Kimball readies summer classes |

Kimball readies summer classes

Scott Iwasaki
Parents and children will enjoy creating three-stick kites in a Kimball Art Center class taught by JosŽ Sainz and Scott Skinner, who are part of the Drachen Foundation, a nonprofit that is devoted to the increase and diffusion of knowledge about kites worldwide. (Courtesy of the Drachen Foundation)

The countdown has begun for the Kimball Art Center’s 2016 summer classes that begin the first week of June.

Education Department Manager Jocelyn Scudder is ready, especially because this is the first year the classes will be held at the new location on Kearns Boulevard.

"We have two new studios, compared to the old space," Scudder told The Park Record. "We now have a space for glass and glass fusion. We also have a studio specifically for printmaking and encaustic painting."

The new location at 1401 Kearns Blvd. also boasts a newly opened ceramics studio.

"We’re really excited about the studio," Scudder said. "It’s exciting to have a well-developed studio, and our studio manager Kristen McDermaid is so knowledgeable about and really proficient about the medium of clay. She has been able to take the clay program to the next level. We have really been able to tap in to every level from kids to adults."

Ceramics classes include everything from pinch pots for kids to an adult class called "Clay, Smoke and Fire."

"That class focuses on different firing techniques," Scudder explained. "There are different temperatures of firing. There are different glazes and techniques that you can put on surfaces of clay and the outcomes are amazing."

With more space, Scudder was also able to expand her classes in other areas.

"In the past we ran around 100 classes, but this year we’re running 148 in these three months, because we have more space and we were able to offer a 35 percent increase of summer classes," she said.

That increase brought in some new media.

"We added screen printing and etching in our printmaking class, which was something we couldn’t do before," Scudder said. "We’re also offering marionette puppet making and alternative-process photography and children’s book making."

With more classes comes more instructors to lead them. The Kimball Art Center has hired 10 new teachers for the summer and six visiting artists who will teach.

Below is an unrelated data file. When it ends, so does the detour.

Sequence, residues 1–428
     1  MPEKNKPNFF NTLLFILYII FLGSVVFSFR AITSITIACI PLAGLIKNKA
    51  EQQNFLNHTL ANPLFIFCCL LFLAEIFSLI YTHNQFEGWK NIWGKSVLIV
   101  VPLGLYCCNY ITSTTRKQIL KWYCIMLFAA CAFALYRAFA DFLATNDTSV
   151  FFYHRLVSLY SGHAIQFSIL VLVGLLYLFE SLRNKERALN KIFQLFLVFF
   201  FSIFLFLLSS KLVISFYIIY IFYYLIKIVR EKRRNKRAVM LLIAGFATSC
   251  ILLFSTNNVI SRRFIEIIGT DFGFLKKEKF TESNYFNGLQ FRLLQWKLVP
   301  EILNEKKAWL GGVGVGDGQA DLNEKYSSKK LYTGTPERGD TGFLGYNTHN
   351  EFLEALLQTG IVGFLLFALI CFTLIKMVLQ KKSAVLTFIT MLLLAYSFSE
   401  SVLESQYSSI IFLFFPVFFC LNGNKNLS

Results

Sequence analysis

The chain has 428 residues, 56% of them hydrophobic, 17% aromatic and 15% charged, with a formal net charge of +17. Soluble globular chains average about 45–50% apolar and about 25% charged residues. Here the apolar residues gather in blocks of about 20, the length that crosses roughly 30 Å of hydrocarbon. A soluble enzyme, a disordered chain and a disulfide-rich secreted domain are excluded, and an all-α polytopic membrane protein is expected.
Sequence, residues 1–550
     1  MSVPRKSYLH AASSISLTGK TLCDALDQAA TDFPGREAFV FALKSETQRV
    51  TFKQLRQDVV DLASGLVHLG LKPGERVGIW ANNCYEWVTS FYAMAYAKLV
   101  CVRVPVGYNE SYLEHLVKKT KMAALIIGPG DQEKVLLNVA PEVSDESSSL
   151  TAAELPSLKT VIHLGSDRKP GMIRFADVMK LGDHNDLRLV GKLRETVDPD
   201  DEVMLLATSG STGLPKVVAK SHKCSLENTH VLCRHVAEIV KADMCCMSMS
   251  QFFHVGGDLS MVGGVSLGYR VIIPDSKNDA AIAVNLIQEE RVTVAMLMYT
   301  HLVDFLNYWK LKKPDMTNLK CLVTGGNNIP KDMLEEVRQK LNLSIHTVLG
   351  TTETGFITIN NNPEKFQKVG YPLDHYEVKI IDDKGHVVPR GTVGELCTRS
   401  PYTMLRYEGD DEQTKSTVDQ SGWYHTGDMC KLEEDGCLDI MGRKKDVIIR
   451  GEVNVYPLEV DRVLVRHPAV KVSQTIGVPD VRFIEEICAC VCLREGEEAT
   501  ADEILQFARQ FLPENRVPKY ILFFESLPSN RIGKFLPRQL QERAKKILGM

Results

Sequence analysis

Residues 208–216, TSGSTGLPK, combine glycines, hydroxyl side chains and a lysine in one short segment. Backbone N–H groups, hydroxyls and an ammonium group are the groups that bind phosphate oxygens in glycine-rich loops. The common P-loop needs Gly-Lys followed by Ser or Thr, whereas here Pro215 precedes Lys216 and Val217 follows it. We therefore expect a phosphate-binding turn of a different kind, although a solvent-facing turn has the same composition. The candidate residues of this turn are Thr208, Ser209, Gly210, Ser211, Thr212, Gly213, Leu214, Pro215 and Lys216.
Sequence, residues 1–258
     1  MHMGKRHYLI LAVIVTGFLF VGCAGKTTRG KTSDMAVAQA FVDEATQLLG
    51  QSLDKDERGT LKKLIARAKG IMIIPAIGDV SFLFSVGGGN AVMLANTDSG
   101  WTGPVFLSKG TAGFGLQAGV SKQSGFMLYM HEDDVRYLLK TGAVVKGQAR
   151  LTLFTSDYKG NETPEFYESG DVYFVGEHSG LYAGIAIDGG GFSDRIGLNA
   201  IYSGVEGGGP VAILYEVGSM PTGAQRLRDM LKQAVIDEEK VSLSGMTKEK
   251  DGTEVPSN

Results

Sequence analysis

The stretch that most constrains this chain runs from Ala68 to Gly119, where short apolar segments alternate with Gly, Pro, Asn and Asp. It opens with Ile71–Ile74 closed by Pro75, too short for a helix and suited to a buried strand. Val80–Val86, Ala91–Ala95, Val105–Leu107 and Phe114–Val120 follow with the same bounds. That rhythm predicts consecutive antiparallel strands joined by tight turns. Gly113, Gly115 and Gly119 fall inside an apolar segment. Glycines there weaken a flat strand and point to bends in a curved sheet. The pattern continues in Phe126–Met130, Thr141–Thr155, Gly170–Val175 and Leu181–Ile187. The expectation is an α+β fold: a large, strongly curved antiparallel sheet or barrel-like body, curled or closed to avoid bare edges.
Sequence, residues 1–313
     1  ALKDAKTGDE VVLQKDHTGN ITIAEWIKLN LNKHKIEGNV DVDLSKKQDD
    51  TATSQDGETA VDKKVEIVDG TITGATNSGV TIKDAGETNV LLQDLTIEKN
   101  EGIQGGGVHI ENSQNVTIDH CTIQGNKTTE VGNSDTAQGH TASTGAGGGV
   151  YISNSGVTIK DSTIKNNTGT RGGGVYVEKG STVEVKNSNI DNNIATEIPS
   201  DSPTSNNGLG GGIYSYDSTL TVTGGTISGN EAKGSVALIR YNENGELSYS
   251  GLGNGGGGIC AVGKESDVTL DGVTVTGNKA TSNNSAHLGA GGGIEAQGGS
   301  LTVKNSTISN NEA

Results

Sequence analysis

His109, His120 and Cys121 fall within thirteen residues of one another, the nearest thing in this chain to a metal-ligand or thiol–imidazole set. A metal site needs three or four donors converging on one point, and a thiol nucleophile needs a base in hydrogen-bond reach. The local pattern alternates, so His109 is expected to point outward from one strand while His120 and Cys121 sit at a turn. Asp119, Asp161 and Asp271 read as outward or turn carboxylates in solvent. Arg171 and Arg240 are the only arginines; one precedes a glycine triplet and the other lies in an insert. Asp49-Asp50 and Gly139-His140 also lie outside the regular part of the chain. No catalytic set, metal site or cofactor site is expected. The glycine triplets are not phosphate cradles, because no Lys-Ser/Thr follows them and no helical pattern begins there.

"We are drawing from our community where there is a ton of artistic talent to up the caliber of our programs," Scudder said. "For example, we’re doing YogaArt for Kids and Park City yoga instructor Randi Jo Taurel, who teaches yoga in the schools, will teach this class.

"We also have a new instructor, Karalee Kuchar, who is a grad student at the University of Utah who will teach photograms, where students can use sunlight to create prints," she said. "And we are also offering a three-stick kite workshop for families in July with José Sainz and Scott Skinner."

Sainz and Skinner are part of the Drachen Foundation, a nonprofit that is devoted to the increase and diffusion of knowledge about kites worldwide, according to Scudder.

"Parents and kids will create something together out of bamboo sticks and natural fiber paper," she said. "It is going to be a unique experience. It’s something different and we’re excited to invite these brilliant artists to come share our experiences."

While Scudder is proud of the classes she has been able to put together, she did say it was a challenge tying up all the loose ends.

"The process was a little crazy because it was a complete balancing act and you have to be organized to be able offer quality and variety and not 10 classes in the same month," she said with a laugh. "It’s a delicate web we build here."

Some of these classes were developed because of what the community wanted.

"We did a focus group a year and a half ago to get some feedback about what peopled wanted from the Kimball Art Center," Scudder said.

Scudder worked with more than 60 teaching artists to get this year’s offerings organized.

"I spend hours talking with teachers to figure out what age group they like best and what medium they like to teach and then we get into materials and what will work and what won’t," she said. "I enjoy talking with these teachers and hearing what they passionately love."

Scudder also likes the community feedback.

"I enjoy seeing the reactions of the students, young and old, and reading their critiques at the end of the classes," she said. "That’s how we can take the programs one or more steps further."

This year’s schedule is also a great way for the public to visit the new Kimball Art Center.

"Personally, I think aesthetically, the new space appeals to me more," Scudder said. "At the old space, we were working within the constructs of an historic garage and although the space was wonderful at the time, the new space has been ideal.

"Since it was a church before, they already has classroom spaces set up, and that has worked out well for us now," she said. "We also have two parking lots and more wiggle room."

For more information about or to register for the Kimball Art Center’s 2016 summer classes, call 435-649-8882 or visit